alternative initiation and termination configurations of contraflow evacuation systems [2].

LTRC Technical Report 402 [3], documents the investigation into a mobile traffic counter

capable of providing real-time traffic flow and speed information at remote locations. It

describes the specification, evaluation, and acquisition of a trailer that uses radar detection of

volume and speed over multiple lanes, and uses a cellular phone to transmit information back

to a central location at time intervals of the user’s choice. LTRC Technical Report 408 [1]

addresses the estimation of time-dependent hurricane evacuation demand and reports on the

development of a sequential logit model that estimates whether a household will evacuate or

not, and if it does decide to evacuate, when they will choose to leave. The development of a

methodology to establish hurricane evacuation zones in a systematic and reproducible

manner was also conducted as part of this study, and is reported in Transportation Research

Record 1922 [4]. The procedure uses postal Zone Improvement Plan (ZIP) areas as basic

building blocks in a GIS-based process that progressively combines these blocks into

evacuation zones of similar flooding potential.

5

6

METHODOLOGY

Approach

This study concentrates on the modeling of destination choice in hurricane evacuation.

Southworth [5] has suggested that evacuees choose their destination in one of the following

ways:

• They choose the closest destination (in terms of distance or travel time) beyond

the at-risk area.

• They head for pre-specified destinations according to an established evacuation

plan.

• They display some degree of dispersion in their selection of destinations,

depending on factors such as the location of friends and relatives, characteristics

of the hazard, and the traffic conditions on the network.

The first assumed method of choosing a destination may work effectively in modeling small

urban systems or rural evacuations when the hazard is approaching rapidly. It may also apply

when the hazard is great and avoidance is of paramount importance, such as in a radioactive,

chemical, or biological release. This method is also likely to apply in post-event evacuations

where a hazard remains, such as following a volcanic eruption or the explosion of a dirty bomb.

The second approach to choosing an evacuation destination applies when well-publicized

evacuation plans, and clear instructions for individual portions of an urban area, have been

prepared and disseminated to the population in advance. Large cities may favor this approach

because it allows more effective use of the evacuation routes than would likely occur if the

choice of route were left entirely to the discretion of evacuees. Past experience has shown that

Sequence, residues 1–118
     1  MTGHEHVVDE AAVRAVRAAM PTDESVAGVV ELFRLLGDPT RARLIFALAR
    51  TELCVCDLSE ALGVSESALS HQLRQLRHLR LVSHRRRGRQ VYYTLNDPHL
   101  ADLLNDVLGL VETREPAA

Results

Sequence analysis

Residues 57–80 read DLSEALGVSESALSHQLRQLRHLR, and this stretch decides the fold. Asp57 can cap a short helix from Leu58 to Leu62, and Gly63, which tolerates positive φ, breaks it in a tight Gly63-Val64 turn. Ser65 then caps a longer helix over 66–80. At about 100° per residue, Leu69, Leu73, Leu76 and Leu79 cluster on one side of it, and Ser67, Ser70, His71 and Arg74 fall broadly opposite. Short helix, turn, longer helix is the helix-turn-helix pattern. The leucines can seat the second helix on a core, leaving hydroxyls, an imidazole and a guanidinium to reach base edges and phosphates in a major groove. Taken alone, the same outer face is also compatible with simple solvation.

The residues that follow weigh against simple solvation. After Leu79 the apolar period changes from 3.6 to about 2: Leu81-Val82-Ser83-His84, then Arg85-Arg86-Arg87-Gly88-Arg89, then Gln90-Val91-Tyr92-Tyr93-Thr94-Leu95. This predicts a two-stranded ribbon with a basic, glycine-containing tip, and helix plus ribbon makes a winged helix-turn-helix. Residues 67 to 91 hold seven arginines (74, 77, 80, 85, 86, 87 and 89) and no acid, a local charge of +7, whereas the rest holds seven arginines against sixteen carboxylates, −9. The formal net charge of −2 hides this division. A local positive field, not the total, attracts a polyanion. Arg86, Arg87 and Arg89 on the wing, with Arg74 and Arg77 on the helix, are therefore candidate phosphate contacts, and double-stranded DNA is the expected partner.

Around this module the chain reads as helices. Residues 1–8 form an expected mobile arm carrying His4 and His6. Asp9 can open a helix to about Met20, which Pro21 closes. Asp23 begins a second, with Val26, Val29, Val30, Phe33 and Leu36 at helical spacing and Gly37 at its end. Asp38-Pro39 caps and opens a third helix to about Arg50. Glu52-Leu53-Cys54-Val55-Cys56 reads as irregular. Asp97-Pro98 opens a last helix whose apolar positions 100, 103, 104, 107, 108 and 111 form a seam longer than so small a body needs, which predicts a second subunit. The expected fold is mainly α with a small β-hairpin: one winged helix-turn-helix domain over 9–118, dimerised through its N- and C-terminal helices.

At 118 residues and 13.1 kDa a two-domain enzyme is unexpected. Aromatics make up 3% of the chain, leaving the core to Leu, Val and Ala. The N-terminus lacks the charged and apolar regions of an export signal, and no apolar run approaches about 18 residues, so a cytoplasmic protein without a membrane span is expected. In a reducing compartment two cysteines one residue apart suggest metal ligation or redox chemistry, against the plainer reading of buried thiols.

providing little or no guidance to evacuees on which route to choose in evacuation results in an

uneven use of facilities. Southworth [5] suggests that a good plan supplemented by effective

policing of traffic flow could make this option the best method for evacuation.

The third option, while more complicated, is closer to reality, since approximately two-thirds of

households evacuating from hurricanes in the past report that they go to stay with friends and

relatives [6], [7]. Thus, for these evacuees, their destination is relatively fixed (depending on

the number of options open to them), and, subsequently, they are likely to simply seek the

quickest way to reach their destination.

7

In this study, we built our model based on the third assumed method of destination choice,

although we also recognized that storm characteristics and network properties can still play a

role in destination choice.

Gravity Model

To date, the most widely used trip distribution model in urban transportation planning has been

the Gravity Model [8]. Gravity Models are founded on the notion that trip patterns are primarily

determined by the amount of activity at the origin, the relative attractiveness of a destination, and

the difficulty of making the trip between the origin and destination [9]. In urban transportation

planning, these three assumed determinants of trip distribution are represented by productions,

attractions, and travel impedance respectively. In evacuation demand modeling, productions are

replaced with evacuations, attractions with the number of opportunities of refuge, and travel

impedance with some measure of travel time or travel distance combined with directionality of

travel away from the hazard. In the Gravity Model, travel impedance is the only deterrent to

travel, and in urban transportation planning, travel time irrespective of direction is a good

measure of the deterrence to travel. However, in evacuation destination choice using the Gravity

Model, the deterrence should be reduced for travel away from a hazard and increased for travel

toward it.

In urban transportation planning, trips are distinguished by trip purpose. Separate Gravity

Models are estimated for each trip purpose because the travel patterns for different trip purposes

are so distinct. However, in evacuation modeling, only one trip purpose exists, and travel

behavior is found to be influenced more by the type of destination (i.e. friends/relative,

hotel/motel, or public shelter) than by anything else. The opportunities for safe refuge at these

locations are likely to change significantly over time, as they are consumed, meaning that it is

very important to model the evacuation process dynamically. This is in contrast to regular urban

transportation planning where travel demand modeling is typically conducted using static

models.

Intervening Opportunity Model

Formulation

The initial concept of an Intervening Opportunity Model originated with Stouffer [10], as